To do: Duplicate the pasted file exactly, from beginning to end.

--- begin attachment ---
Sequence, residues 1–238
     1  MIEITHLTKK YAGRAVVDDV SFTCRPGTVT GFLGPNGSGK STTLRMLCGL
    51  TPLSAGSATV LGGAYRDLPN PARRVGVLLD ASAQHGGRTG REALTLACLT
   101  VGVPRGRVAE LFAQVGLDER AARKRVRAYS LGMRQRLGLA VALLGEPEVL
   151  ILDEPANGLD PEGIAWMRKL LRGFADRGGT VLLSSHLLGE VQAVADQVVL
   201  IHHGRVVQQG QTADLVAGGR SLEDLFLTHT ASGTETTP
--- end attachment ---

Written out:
Sequence, residues 1–238
     1  MIEITHLTKK YAGRAVVDDV SFTCRPGTVT GFLGPNGSGK STTLRMLCGL
    51  TPLSAGSATV LGGAYRDLPN PARRVGVLLD ASAQHGGRTG REALTLACLT
   101  VGVPRGRVAE LFAQVGLDER AARKRVRAYS LGMRQRLGLA VALLGEPEVL
   151  ILDEPANGLD PEGIAWMRKL LRGFADRGGT VLLSSHLLGE VQAVADQVVL
   201  IHHGRVVQQG QTADLVAGGR SLEDLFLTHT ASGTETTP